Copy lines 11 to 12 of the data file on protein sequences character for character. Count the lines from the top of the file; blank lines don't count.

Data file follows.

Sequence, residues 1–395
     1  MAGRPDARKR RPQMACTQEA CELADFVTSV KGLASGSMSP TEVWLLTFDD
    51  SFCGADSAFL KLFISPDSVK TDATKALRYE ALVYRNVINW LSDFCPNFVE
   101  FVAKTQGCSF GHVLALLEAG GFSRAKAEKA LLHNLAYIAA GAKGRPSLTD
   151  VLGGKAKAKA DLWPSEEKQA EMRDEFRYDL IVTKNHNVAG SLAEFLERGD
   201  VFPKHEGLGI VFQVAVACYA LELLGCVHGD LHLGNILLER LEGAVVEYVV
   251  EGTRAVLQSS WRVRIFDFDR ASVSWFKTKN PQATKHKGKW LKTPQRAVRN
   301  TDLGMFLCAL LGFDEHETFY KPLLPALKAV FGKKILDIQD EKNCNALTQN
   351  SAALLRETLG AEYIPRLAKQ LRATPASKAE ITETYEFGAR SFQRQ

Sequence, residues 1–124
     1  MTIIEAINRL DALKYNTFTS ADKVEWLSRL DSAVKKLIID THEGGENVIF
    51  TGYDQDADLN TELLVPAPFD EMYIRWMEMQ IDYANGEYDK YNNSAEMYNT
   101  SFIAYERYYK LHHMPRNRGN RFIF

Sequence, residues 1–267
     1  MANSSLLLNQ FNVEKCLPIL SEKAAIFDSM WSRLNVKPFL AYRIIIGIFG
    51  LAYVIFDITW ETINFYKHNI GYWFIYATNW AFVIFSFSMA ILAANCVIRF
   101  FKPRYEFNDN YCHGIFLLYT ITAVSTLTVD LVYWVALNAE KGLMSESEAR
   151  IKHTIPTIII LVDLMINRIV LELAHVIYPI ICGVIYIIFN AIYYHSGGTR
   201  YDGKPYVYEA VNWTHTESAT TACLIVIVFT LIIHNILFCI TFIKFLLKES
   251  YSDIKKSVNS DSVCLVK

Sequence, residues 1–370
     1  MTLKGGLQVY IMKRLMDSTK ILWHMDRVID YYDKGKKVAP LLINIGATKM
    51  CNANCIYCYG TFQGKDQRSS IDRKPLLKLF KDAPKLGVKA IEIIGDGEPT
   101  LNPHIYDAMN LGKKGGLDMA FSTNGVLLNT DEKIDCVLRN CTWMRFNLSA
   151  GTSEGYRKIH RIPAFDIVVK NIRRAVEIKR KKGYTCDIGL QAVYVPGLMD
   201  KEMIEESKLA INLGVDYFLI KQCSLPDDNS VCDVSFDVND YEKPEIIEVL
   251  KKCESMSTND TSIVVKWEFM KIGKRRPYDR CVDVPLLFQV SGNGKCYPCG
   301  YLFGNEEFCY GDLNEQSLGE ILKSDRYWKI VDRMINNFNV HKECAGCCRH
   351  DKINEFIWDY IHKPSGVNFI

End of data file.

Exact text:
     1  MTIIEAINRL DALKYNTFTS ADKVEWLSRL DSAVKKLIID THEGGENVIF
    51  TGYDQDADLN TELLVPAPFD EMYIRWMEMQ IDYANGEYDK YNNSAEMYNT